In Memory of All the Unarmed Black Men Who Have Died at the Hands of Police Officers Read More
Once I watched a grown man in a business suit leap out of his subway seat with fear and surprise at the sight of a lone purple grape rolling down the floor of the train car headed toward his feet. I can only assume that out of the corner of his eye he saw something more threatening than a grape. Perhaps he thought it was a mouse, or perhaps he knew it was a grape, but a traumatizing experience with fruit from his past triggered a fearful reaction causing him to jump up and run away.
We all have our purple grapes: stimuli in our lives that trigger our Fight/Flight/Freeze responses, because they are associated with some past experience where, real or not, we perceived our lives as threatened. Fight/Flight/Freeze (FFF) is seen all throughout animals in nature, and even though we modern day humans rarely need to fight, run, or play dead to save our lives as we once did when we lived out in the open with other animals who saw us as prey, we still often feel as though that were the case.
During a private lesson, one of my students recently said as a result of the work we were doing she felt like she did not have to do anything other than what she was doing, or be any other way that how she was in that moment.
We are often programmed to think we need to do or be something more than we are. Even with the freedom I am privileged to experience as a woman in the United States, I still encounter pressure from society at large, and in personal relationships, to act and look and be a certain way in order to conform to a socially acceptable standard of femininity. Read More
An article entitled "No Time to Think" by Kate Murphy published in the New York Times Sunday Review on July 27th, 2014 states:
"In 11 experiments involving more than 700 people, the majority of participants reported that they found it unpleasant to be alone in a room with their thoughts for just 6 to 15 minutes."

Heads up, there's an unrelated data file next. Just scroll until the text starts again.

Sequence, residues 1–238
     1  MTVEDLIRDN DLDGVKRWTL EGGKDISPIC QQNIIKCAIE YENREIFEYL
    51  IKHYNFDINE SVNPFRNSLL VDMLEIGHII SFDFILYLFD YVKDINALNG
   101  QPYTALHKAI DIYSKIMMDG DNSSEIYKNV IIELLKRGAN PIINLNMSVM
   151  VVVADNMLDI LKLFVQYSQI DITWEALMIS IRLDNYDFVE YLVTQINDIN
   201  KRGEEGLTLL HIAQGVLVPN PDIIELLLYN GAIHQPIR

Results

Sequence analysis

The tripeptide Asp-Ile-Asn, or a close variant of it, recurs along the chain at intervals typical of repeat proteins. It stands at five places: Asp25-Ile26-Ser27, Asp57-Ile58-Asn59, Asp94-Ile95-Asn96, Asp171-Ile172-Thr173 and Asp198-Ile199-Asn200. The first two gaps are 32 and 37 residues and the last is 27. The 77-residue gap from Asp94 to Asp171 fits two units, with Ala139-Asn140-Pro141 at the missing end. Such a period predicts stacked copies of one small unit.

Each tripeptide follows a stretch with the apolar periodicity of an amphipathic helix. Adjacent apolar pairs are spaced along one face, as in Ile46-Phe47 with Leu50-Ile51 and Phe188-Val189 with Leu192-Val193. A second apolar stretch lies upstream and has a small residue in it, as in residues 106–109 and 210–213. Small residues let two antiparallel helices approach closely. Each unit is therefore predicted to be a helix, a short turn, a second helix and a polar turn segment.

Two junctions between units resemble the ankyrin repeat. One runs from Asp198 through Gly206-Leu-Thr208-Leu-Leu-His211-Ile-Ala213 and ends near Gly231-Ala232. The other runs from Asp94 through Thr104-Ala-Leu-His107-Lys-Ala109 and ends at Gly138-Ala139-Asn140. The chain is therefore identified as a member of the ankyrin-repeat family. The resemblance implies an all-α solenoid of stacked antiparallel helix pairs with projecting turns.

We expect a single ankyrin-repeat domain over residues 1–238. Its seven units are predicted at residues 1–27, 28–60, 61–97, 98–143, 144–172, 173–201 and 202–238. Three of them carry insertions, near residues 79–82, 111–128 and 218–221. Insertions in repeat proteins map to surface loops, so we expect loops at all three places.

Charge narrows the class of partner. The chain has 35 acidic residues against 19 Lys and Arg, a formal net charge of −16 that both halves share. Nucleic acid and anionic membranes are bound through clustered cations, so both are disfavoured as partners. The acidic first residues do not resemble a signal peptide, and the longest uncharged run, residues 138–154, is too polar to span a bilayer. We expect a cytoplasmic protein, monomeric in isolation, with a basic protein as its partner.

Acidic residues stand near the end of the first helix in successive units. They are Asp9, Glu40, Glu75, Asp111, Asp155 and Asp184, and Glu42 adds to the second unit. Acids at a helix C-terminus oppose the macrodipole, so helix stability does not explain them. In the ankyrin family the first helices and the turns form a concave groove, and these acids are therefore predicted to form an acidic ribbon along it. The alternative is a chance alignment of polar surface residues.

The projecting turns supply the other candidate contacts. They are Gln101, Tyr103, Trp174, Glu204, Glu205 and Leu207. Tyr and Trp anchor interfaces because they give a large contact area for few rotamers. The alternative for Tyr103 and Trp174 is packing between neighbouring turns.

It speculates that the constant busyness many of us seem to experience, and sometimes even glorify this day and age, may just be a tactic for avoiding self-reflection. Busyness distracts us from acknowledging the reality of our thoughts, emotions, and sensations -- particular those we consider "negative".
As an Alexander Technique teacher and resident of the City that Never Sleeps, this does not come as a surprise to me. Many of my students and fellow city dwellers spend their every day powering forward with no time for pause, working nonstop to get ahead in their careers, going to the gym, bouncing from one social engagement to the next, running errands, and keeping up with social media 24/7. But this pace is not sustainable. Whatever feelings and sensations we shut out get pushed down in our psyches, only to bubble up in unexpected ways at unexpected times. Without time for self-reflection, we're just hurtling through our lives on auto-pilot, limiting our capacity for growth and change. Read More
My Love Affair With the F Word
I wanted to write about why failure is an essential element in any Alexander Technique practice, but everything I wrote seemed overly complicated and wordy. I was having a difficult time trying to squeeze out a decent draft from what I had, until I remembered to practice the very thing I was preaching.
The way I was writing wasn’t working, so instead of charging forward without changing anything, I stopped. I let go of the familiar tension that had built up over the process of banging out the first draft, released my neck and back, and allowed myself to grow into more of my full expansiveness. I let my breathing open up, and I acknowledged the support of the ground. I wiped the slate clean and started over. Read More
Sounds of the rainforest permeate the lavender scented room. Lying between soft clean sheets, a warm heavy pillow rests on your abdomen. You close your eyes and breathe deeply while a skilled masseuse slowly and evenly kneads out unruly knots and rock hard tension. Your obligations and to-do lists melt away, and you are left with pure and decadent relaxation.
Yes. Please. ThankYouVeryMuch.
Most of you would probably agree a thorough deep tissue massage from time to time is a little slice of heaven. So why on earth would you spend your precious resources taking Alexander Technique lessons, when you could instead just keep getting massages? Read More
Just before beginning my Alexander Technique teacher training, I recurrently imagined myself on a tropical beach trying to grab on to a fistful of dry powdery sand. If you’ve ever done this, you know that truly dry sand will just run out of your fist, as it did in my imagination. You may be able to retain a small amount, but the majority will escape through whatever openings your hand provides.
By the end of my Alexander Technique teacher training the image had evolved into scooping up a handful of sand and letting it sift through my fingers, appreciating its texture and warmth. I was also able to imagine more of the environment around me. Instead of focusing all of my attention on the fistful of sand, I could smell the sea breeze, see the clear blue water, and hear the comforting sound of the waves rolling on to shore. Read More